There are three things I choose to believe:
- At their core, people are good.*
- Everybody has shit to deal with.
- Hurt people hurt people.
Most of the time we hide our mess and our problems and the things which we’d rather not have people see…things we’re ashamed of, things that are too tender, things that make us feel things too much. It makes those breakthrough moments – when that surface cracks, or even shatters, when a few people can see inside and are exposed and trusted with all the fear – it makes them so moving and so beautiful. When someone lets their guard down and lets all their darkest fears out, speaking them into the light, letting their words reverberate – having that courage to share their story and express themselves in the most free way possible is euphoric to be a part of.
Let me just break down those three ideas:
At their core, people are good.
Most of the general population aren’t murders (and those who are murders mostly show remorse and very rarely kill again, but that’s an entirely different tangent.) People are dumb, and people are extraordinary. People make mistakes. Mostly though, they come from a place of wanting to do good. Obviously not everyone has the same motivations, but 99.9999% of the population are capable of love, and of different types of love: platonic, romantic, spiritual. This is my tūrangawaewae. This is my stance, my standing place, my perspective and grounding. I always want to welcome new experiences.
Everybody has shit to deal with.
Some people hold more privilege than others. Some people are born into third world countries; others into first world countries. Some are discriminated against by the culture/colour of their pigmentation and others are treated like gods for their pale skin. That is how it works. It is terrible. It is so flawed. When I went overseas and lived in Bahrain I saw firsthand the way I, a caucasian female, was treated, versus a Filipino immigrant, for example. I got hit on, stalked, and catcalled. I was treated disgustingly by some Arab men, yet I also knew I held white privilege. I could see it. I was seen as more attractive than the Asian population and than the local Bahraini people et cetera. I was given things I didn’t want or need. I was served, and it was uncomfortable. As a New Zealander, having people fold my clothes for me, wait on me, address me as madam, felt so wrong. I have gone on a bit of a tangent I realise, but the point I am trying to make is that while we don’t hold the same levels of hurt or pain – we all hurt the same. That is universal. I recognise that my appearance, my culture, my privilege and my sexuality all tie into the way the world sees me and how people interact with me. The same goes for anybody else. Some people have a shit time of it, and others have a pretty easy ride. But nobody escapes the lightning bolt of wrath, so to speak. Everybody hurts, at different times in their lives.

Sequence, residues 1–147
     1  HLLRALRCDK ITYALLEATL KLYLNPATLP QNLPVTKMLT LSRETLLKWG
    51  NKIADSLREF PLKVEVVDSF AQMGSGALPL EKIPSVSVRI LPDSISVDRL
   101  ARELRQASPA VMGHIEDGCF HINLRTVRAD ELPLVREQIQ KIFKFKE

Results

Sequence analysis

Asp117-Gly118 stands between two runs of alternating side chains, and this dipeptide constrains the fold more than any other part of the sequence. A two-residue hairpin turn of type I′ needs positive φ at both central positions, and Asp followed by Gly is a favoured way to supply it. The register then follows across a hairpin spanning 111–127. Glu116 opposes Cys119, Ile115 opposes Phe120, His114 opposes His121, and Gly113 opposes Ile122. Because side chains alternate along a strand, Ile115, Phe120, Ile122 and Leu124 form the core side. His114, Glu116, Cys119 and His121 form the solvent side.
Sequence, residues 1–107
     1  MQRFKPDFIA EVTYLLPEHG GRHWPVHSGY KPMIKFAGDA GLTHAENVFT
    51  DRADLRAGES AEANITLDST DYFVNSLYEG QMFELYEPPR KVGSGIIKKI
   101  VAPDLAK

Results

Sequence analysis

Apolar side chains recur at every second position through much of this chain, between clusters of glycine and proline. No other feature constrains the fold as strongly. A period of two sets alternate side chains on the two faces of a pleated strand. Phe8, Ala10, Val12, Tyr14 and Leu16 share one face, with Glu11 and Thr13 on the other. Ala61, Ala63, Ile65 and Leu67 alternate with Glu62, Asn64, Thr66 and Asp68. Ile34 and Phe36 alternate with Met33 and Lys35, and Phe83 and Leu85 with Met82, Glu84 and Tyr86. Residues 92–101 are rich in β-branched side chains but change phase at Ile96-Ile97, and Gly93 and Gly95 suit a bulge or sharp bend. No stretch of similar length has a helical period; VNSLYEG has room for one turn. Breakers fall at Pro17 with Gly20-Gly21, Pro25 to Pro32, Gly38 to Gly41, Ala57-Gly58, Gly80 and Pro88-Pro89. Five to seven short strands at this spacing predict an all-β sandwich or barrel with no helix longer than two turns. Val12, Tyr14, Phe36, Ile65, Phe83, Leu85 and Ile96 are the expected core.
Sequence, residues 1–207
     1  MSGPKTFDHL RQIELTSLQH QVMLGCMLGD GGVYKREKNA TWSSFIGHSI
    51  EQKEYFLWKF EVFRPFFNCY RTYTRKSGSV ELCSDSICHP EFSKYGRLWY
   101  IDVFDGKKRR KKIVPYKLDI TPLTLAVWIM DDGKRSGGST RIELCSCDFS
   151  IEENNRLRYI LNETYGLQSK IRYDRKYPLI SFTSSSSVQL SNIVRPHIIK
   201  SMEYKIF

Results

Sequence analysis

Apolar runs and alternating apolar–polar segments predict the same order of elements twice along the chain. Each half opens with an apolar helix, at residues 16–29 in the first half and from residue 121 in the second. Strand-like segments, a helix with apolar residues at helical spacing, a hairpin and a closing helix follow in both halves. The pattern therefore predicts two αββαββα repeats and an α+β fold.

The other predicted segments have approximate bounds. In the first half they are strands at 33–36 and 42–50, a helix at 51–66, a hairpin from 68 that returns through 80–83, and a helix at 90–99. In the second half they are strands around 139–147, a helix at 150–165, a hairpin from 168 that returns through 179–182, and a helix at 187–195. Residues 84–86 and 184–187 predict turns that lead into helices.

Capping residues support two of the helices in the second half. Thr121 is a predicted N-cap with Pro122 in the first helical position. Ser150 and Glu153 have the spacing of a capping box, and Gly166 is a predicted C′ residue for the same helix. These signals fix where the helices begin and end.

Hurt people hurt people.
I believe poverty is entrenched and cyclic in most circumstances. I believe that the circumstances that people are born into heavily dictate their future prospects in life. This is unfortunate but it also makes sense. This is why social welfare issues are so confusing and complex and low socio-economic families need support from the ground up. Education is the answer, to me. Education, community, and multi-faceted support systems are the only way in my eyes. Furthermore, people who are hurting need to be treated with and shown aroha, amour, love, before they end up hurting somebody else real bad.
*Yes. There are a small percentage of complete psychopaths in the world but I believe that to be a psychiatric disorder. I think almost all criminals are not evil, they are hurting, and they have been mistreated – and so they mistreat. Their transgressions are cyclic. It has been done to them, and so they do it to others. They mostly show remorse for their actions. This does not excuse their behaviour or validate their reasons behind their choices. It merely means to me that most criminals/potential criminals can be steered away from a self-destructive future.
3 thoughts on “Deep and Meaningfuls in the Kitchen”
That was refreshing. Cheers from Bahrain 🇧🇭
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Apologies for the delay in response. I really appreciate your thoughts and am glad that resonated with you. I’ve enjoyed perusing your content so far – I’m learning lots!
That’s amazing go hear! 🤘🏻 Thanks a lot for your feedback!